“So, after extensive negotiations with Boeing, Airbus, GE and Rolls Royce – the engine providers – we are delighted that during the course of last year we were able to get ourselves out of those commitments and, with the brilliant support of Boeing, Airbus GE and Rolls Royce, in the way in which they have taken a long-term business partner view of the relationship with Etihad.”
One of the reasons the carrier is unlikely to need the fleet size it had previously projected is because it has started to take a much conservative approach to route development and expansion. Last year, a number of unprofitable routes were discontinued, including Tehran, Jaipur, Entebbe, Dallas/Fort Worth, Ho Chi Minh City, Dhaka, Dar es Salaam, Edinburgh and Perth.
“We did that because we are being far more dynamic and disciplined now, in which we look at route profitability and if we don’t believe [a route] is sustainable, we will no longer maintain it for the sake of maintaining it,” Douglas says.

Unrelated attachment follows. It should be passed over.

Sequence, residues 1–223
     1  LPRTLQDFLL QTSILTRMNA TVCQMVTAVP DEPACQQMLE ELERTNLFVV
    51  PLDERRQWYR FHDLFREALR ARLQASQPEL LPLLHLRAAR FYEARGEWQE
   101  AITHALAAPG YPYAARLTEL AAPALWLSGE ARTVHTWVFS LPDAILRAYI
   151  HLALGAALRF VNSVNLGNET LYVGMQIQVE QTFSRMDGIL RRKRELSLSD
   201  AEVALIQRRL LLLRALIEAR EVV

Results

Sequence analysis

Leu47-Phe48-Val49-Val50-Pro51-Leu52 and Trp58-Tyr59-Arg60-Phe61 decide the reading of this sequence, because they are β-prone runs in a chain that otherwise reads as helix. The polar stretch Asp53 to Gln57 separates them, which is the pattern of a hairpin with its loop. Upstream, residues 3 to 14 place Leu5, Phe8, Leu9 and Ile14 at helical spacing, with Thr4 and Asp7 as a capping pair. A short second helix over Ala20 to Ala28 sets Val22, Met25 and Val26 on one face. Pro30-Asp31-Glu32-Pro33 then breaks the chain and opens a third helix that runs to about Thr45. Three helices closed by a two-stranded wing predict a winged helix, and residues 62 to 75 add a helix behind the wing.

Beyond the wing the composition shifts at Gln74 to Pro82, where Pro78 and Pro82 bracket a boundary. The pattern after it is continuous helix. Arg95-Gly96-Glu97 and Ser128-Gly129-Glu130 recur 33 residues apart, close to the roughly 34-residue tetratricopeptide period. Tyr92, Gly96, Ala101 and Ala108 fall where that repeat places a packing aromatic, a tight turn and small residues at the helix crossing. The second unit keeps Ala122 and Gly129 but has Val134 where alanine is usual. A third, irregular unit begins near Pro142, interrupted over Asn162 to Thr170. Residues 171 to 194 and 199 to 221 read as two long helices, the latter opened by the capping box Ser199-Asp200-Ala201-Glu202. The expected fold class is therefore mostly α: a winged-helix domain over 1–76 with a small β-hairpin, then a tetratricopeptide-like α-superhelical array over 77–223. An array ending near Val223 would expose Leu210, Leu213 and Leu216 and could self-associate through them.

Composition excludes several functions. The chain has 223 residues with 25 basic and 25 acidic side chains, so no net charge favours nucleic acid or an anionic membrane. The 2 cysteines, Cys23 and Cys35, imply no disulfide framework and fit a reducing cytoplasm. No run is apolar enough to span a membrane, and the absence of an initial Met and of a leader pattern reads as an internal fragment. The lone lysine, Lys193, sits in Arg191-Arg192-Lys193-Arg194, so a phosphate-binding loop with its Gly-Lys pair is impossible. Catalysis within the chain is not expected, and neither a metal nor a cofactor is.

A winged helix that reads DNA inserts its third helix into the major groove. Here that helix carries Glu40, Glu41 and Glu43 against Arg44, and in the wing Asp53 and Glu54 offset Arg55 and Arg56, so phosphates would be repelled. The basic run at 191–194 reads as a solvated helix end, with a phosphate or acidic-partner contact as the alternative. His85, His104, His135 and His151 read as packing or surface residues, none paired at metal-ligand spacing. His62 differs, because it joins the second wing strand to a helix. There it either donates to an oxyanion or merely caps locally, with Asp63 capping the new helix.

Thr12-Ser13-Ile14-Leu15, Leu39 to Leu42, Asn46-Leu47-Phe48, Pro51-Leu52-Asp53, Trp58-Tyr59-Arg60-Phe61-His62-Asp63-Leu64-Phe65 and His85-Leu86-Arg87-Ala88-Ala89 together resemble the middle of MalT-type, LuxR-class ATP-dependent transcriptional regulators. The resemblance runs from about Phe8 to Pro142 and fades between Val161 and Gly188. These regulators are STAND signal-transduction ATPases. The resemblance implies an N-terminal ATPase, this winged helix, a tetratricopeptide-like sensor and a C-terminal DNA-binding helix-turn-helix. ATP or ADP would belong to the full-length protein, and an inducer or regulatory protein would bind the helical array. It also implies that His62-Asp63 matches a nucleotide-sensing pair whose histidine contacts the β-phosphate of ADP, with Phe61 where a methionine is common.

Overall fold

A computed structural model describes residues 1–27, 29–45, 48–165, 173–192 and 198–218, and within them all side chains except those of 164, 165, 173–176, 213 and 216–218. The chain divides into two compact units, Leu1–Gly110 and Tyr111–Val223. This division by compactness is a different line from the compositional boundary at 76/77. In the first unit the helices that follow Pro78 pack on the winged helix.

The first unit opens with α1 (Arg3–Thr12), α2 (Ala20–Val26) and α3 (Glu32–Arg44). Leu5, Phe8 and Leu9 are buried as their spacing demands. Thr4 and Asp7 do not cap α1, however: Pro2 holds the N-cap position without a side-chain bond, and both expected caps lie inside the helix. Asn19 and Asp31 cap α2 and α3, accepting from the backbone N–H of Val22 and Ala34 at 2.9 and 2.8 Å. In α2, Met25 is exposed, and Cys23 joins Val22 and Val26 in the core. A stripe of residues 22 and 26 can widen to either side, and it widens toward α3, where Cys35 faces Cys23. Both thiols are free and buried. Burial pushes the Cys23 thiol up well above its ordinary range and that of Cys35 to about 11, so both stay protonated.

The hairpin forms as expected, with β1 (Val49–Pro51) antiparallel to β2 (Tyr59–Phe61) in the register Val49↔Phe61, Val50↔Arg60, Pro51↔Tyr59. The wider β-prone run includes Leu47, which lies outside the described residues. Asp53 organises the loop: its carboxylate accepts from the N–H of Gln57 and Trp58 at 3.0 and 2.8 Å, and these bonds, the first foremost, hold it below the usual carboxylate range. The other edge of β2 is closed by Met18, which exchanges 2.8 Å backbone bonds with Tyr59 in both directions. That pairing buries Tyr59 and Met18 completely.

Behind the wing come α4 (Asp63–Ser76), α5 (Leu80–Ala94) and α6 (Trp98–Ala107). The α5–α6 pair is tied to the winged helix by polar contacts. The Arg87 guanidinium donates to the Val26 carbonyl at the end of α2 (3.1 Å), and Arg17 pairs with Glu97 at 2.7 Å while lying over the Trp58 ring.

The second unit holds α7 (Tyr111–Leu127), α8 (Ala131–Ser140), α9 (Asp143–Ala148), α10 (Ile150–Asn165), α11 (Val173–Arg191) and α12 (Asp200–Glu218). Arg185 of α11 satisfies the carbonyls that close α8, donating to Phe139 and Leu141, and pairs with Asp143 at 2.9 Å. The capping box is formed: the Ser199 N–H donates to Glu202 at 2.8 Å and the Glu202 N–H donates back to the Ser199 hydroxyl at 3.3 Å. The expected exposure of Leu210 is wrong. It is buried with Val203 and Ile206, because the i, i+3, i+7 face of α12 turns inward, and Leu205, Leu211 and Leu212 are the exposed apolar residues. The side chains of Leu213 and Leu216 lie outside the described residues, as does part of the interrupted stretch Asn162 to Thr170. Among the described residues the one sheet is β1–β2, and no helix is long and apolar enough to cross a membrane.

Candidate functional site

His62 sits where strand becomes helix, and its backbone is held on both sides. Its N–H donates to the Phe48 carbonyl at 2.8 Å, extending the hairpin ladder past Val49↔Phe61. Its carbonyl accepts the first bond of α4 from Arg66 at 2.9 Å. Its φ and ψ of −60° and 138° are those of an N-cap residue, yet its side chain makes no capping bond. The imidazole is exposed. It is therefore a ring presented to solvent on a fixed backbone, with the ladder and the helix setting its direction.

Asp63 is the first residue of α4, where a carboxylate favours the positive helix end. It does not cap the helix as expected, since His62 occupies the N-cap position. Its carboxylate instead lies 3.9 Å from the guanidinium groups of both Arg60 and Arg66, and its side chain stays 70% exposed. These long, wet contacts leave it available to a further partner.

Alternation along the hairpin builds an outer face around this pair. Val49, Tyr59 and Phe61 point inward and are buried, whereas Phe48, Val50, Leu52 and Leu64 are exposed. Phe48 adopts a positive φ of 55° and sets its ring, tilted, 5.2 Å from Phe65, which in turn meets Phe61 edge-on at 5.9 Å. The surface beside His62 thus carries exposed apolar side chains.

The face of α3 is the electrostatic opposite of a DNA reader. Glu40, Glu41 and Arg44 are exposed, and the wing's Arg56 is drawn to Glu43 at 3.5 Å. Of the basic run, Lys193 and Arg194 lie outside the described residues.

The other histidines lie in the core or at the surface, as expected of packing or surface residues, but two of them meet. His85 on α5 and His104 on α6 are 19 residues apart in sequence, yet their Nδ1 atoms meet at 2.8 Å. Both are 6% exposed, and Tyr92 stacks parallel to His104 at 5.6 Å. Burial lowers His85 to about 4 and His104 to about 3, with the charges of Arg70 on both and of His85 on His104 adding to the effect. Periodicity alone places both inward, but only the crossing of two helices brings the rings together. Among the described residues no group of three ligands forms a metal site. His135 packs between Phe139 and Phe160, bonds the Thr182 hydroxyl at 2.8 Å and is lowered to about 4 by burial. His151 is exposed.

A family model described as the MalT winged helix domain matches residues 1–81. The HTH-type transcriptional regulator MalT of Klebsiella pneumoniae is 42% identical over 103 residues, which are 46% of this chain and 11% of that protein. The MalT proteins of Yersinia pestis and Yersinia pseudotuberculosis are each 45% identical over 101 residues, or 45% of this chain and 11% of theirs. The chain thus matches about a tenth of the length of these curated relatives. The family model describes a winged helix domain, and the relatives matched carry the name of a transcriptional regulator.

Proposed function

“Equally, there are additional routes where we think there is opportunity that we [can] put more on. There is no rocket science behind it. I have been involved in aviation in one way or another for over 30 years and I guess way back then the networks were probably analysed once a year. I am with the persuasion that it needs to be a daily, weekly kind of thing; the market is so dynamic. Therefore, what you are seeing, and I hope you will see going forward, is an Etihad that is far more agile with what is going on with the market.”
We are making the right steps in the right direction. We are very open in the knowledge that we still have a lot to do